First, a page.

It's time to re-appraise your relationship with creative agencies to get the best fit.
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Being a medium-sized brand can be tough. On the one hand the brand has achieved great success by surviving the infancy of being a new business and has come to be recognised as a key player in its field.
However on the other hand, it is no longer small enough to ride off its ‘entrepreneurial spirit’ and needs to make the right decisions towards becoming no.1 in the industry.
A good marketing strategy is essential to take a medium-sized brand to the next level. This is usually delivered by a mixture of work from in-house teams as well as bought in services from multiple agencies offering various services.
But the world is becoming more complex for Marketers. Advancements in technology, automation and lead scoring means keeping abreast of an ever growing list. And as new channels and platforms emerge, new strategies and bespoke, engaging content is required, all of which still needs to reinforce the overall brand story.
The above means marketing teams at medium-sized brands are more stretched than ever, especially as most are having to adapt to these challenges with less resources (and being set ever more challenging targets).
Worse still, the impact of this pressure on time and resources is that output across channels becomes increasingly disjointed and key brand messages become increasingly diluted and lost in the mass of competing communications.
This has led many marketers at medium-sized brands to grow increasingly frustrated – and in particular to start to focus on the time they spend ‘managing agencies’. Many are now choosing to revisit their entire marketing/agency model – with a wide variety of routes being considered.
At one extreme, often prompted by the belief that they lack the right capability themselves, brands are looking at outsourcing their entire marketing departments. To date, this has often involved agencies, such as Oliver who specialise in creating bespoke in-house teams, provides brands with in-house creative teams.
Is outsourcing everything the way forward?
But with increasing demands, brands are looking at going further and asking more full-service agencies to take over all aspects of a brand’s marketing activity.
The challenge of this approach, however, is putting in place the right resources for the brand at an appropriate cost. Oliver has been successful at providing delivery teams, but it is often strategic and integration skills that mid-size brands crave most.
While for established agencies, the challenge is ensuring that the resources they are providing to deliver the more day-to-day tasks are not overpriced.
Other brands are taking the opposite approach and increasing the number of specialist agencies. For instance, employing specialist social agencies alongside digital and PR agencies and their main media and creative agencies.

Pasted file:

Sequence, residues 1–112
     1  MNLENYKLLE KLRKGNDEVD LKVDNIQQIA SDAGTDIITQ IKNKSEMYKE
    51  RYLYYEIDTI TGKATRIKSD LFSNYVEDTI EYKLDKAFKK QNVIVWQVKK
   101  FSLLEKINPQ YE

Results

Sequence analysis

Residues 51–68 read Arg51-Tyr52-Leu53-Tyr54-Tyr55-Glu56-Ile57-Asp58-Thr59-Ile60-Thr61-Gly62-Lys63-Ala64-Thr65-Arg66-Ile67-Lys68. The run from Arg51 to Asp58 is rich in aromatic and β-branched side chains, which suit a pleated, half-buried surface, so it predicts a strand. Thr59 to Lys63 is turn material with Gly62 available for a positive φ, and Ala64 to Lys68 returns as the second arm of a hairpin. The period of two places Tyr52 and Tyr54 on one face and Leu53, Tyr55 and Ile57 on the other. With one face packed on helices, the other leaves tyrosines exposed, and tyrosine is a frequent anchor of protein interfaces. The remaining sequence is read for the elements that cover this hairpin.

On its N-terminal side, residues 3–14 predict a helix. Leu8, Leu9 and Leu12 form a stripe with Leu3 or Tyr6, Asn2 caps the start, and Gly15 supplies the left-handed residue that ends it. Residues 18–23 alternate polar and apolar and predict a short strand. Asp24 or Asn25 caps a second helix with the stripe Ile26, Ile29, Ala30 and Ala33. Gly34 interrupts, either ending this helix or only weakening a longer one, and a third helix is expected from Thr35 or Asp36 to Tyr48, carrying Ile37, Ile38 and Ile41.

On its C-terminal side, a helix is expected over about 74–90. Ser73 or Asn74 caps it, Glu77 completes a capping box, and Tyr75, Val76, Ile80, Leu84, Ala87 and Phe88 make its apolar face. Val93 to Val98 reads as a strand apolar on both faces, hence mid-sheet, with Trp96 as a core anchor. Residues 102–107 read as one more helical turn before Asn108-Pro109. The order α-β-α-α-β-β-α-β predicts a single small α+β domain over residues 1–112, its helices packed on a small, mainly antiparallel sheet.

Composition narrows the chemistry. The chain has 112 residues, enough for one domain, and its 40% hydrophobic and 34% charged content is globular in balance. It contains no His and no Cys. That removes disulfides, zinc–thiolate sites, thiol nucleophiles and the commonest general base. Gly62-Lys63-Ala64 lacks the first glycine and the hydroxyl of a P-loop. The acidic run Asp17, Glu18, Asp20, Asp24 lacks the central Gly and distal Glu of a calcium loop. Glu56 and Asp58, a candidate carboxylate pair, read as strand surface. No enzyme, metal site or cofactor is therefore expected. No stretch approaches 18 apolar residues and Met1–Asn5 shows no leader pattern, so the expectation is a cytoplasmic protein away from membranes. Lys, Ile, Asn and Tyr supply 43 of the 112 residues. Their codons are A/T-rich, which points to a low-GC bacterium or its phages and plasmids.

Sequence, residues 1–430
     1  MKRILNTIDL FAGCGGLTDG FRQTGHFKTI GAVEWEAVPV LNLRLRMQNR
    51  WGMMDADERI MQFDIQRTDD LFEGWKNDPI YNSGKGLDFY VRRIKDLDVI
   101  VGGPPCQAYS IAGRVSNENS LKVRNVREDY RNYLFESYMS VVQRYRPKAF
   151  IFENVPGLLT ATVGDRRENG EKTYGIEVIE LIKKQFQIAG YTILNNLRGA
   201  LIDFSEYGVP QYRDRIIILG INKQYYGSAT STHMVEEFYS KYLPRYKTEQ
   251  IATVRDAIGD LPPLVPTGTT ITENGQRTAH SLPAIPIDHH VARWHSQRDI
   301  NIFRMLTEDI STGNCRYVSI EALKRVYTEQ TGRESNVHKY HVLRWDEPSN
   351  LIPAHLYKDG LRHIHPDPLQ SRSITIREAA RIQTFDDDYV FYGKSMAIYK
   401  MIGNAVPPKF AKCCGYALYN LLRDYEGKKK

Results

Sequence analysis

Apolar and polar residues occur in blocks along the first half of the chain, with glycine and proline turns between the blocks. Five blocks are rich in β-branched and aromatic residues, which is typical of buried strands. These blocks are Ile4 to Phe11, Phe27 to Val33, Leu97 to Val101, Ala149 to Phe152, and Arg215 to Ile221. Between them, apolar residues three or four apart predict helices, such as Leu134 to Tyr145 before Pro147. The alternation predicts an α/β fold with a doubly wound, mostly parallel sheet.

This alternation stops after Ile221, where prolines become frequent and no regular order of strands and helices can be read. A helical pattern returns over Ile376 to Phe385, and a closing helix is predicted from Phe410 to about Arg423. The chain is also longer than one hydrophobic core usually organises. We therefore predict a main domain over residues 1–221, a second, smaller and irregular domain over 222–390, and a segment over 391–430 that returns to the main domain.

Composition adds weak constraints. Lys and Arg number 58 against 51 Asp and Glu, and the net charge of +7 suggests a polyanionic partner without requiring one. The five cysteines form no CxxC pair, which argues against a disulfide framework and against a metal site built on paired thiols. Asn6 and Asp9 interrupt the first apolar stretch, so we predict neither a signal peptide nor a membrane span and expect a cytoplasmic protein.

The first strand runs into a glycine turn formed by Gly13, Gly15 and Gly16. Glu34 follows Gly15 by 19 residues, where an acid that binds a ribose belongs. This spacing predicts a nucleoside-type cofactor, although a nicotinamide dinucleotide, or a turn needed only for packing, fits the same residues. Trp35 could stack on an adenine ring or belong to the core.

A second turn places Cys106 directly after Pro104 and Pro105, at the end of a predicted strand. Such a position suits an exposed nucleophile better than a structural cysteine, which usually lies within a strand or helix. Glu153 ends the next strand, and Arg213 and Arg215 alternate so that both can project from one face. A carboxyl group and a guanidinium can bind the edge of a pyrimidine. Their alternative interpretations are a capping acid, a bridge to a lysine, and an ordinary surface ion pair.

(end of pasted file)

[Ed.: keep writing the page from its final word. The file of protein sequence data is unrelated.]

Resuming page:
The theory in this model is that by outsourcing more of the content development, brand teams free up more of their time to focus on developing marketing strategy and insuring integration of output. Whilst this appears to be working for certain brands, it comes with significant challenges, the most obvious one being the incremental cost that this can create.
However, perhaps the more acute challenge is that it creates even more integration points that need to be managed. Not only do all agencies need to be working off the same overall strategic framework, but all aspects of digital, social and PR activity, need to be joined up to ensure individual pieces of activity deliver maximum ROI.
On the other hand, an increasing number of brands are looking to consolidate their activity into a larger agency or network. This approach has the obvious attraction of limiting the number of points of contact and potentially provides access to a full range of specialisms which should in itself deliver greater consistency of output across channels.
Once again though, this approach has material drawbacks. Those brands who choose to work with one of the larger marketing networks such as WPP or Omnicom, are often locked into an expensive, rigid team that might provide access to a full range of specialists, but do so at a significant cost.
Big agencies cost a lot, but will you be front of the queue?
Equally, when individuals are drawn from multiple agencies within a network, their instinct is often as competitive as it is collaborative, and they risk paying a premium for an inexperienced, junior team.
The Marketing Director of a challenger financial services brand who was using one of the ‘big six’ recently told me “we just felt that we were always at the back of the queue and that far from sharing our agenda, they were more interested in pursuing their own!”
Faced with this challenge, it is not surprising that the current most popular choice is to turn to one of the smaller, more entrepreneurial agency groups. They can bring a wide range of capability, but also an ability to create bespoke, joined up teams in a much more agile fashion.
One of the greatest perceived advantages here is getting access to a range of specialisms but in a more fluid manner that enables consistency in strategy and creativity but evolution in the team structure to fit with its delivery requirements over time.
Medium-sized brands need to find the model that offers the best fit with their objectives, capabilities and culture – but in doing so, they need to find a model that enables them to create compelling overall strategic and creative frameworks that can deliver powerful and consistently rich experiences across all of their touchpoints.
If this means doing less, better and more consistently, so be it - the results will speak for themselves.